Luke Owen reports on a special Halloween screening of An American Werewolf in London courtesy of Volkswagen’s “See Film Differently”…
Last Sunday, on Halloween, I was invited to the first instalment of Volkswagen’s ‘See Film Differently’ programme – a project that aims to “turns the camera on the locations” by screening films in the places they were shot. Their first stop? London Zoo. The film? John Landis’ 1981 horror classic, An American Werewolf in London.
When I first heard about See Film Differently, I thought the idea was genius. I’ve always been a big fan and supporter of filming on location rather than sets and felt the idea of screening films in those locations would be a great experience. With some props, tours and insider knowledge thrown into the mix, it would be a great evening and a once in a lifetime experience.
I was very excited.
Upon arriving at London Zoo’s entrance, I was immediately impressed with the sign for The Slaughtered Lamb hanging up outside. I knew that I would be getting authentic props from the film and this was a great way to kick things off. It was only a small touch, but it really set the bar for the evening.
We all signed in and were handed our itinerary for the events that would follow – a 60 minute tour of the zoo (including locations), an introduction to the project, an hour and a half exhibition and the screening to follow. So, a packed evening – excitement levels were rising.
After being split into two groups, the tour began. I say tour, but that’s not what we got…
Alarms bell started to ring when our “tour guide” asked if any of us had ever been to London Zoo before, upon answering, “yes” he replied with, “oh good, I’ve never been here before so maybe you’ll be able to show us round”. That’s right, our tour guide had never been to the place he was showing us round.
Amused I was not.
The alarm bells turned into very loud warning noises when he then asked, “has anyone here seen the film? Because there is a film location around here and I don’t know where it is”.
Worried I was getting. I was frankly annoyed by this excuse for a “tour guide” who was being paid for not knowing anything. He seemed far more interested in looking at some animals and taking pictures than showing us round the locations. This was not a good start.
What followed was, thankfully, not a full hour’s tour of London Zoo. Because the place was closed for the day, most have the animals had been moved to their respective confinements and homes – which meant we were treated to a Jurassic Park-esque look at empty cages and pens hoping to see some animals but ended up seeing nothing. The tour was a disaster; our tour guide bumbled around trying to find things for us to look at and coming up short. And what made matters worse is that we didn’t see any locations – which I’m fairly sure was the whole point of the tour. We didn’t go to the wolf enclosure, we didn’t go to the point where a naked David Naughton jumps out and greets a frightened Elizabeth Bradley and nor did we see the bush from where he steals the balloons off the little boy. The only “location” we did see was a park bench that David runs past and grabs an old ladies coat from.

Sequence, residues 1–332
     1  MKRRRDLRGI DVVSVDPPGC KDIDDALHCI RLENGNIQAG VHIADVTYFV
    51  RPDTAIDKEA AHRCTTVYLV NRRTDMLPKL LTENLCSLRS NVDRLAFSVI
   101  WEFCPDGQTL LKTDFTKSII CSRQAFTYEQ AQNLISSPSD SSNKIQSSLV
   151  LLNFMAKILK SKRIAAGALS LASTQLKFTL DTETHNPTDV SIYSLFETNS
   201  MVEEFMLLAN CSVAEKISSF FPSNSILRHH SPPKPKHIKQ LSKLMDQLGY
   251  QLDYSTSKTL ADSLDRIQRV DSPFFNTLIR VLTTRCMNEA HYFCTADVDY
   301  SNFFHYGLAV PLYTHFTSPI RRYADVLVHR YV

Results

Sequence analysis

Skip to 1:01 for the “location” how it was in 1981
My confidence in the evening had been knocked – but things were about to pick up.
At Mappin Pavilion, where the bench was situated, we were greeted by Wainwright (or Wayne Wright – a topic of great discussion among some of the people in attendance), a ‘London Zoo keeper’ who told us about the history of the bench. He had this great spiel talking about how in 1981 a naked American man ran around the zoo stealing balloons and coats, which added a great sense of novelty to the proceedings. He was a very entertaining man and a brilliant way of bridging the gap between the “tour” and the exhibition.
Welcomed in warmly with free booze, popcorn and pretzels, we walked into the See Film Differently exhibition and viewed upon some great props, storyboards and behind-the-scenes photos from the production – they a great job of presenting them and should be highly applauded for their efforts. The highlight of it all was the “Change-o-Head”, used in the first transformation scene, in full operation and glory.
If I was to criticise the exhibition portion of the evening, I would have to say that an hour and a half was far too much time to look around – seeing as you could clear every prop and picture, take a photo of each and read all the factoids in about 20 minutes. But, it was a huge step up from the tour that had preceded it.
The screening itself was an absolute joy. We were provided with a small meal (fish and chips in a cardboard box), more free drinks and a great introduction from Paul Davis, director of Beware The Moon – a fascinating and detailed documentary about the film (which can be found on the 2 disc edition DVD). The film was presented on a digital format, something I was almost disappointed by as I was hoping for a film print version – however, according to the event organisers, Landis only likes his films to be shown digitally nowadays. This was not a hindrance at all though; it was an excellent screening.
I’d had a really good evening. While it wasn’t perfect, it was really enjoyable. The idea is there for ‘See Film Differently’ and I can forgive them for a few hiccups here and there because this was the first screening of project. I am fully behind and supportive of Volkswagen and hope to see more of this programme in the future. I would also recommend people go to one if they ever get the chance.
Continue on to the review.
“The wolf’s bloodline must be severed; the last remaining werewolf must be destroyed. It’s you, David.” – Jack Goodman, An American Werewolf in London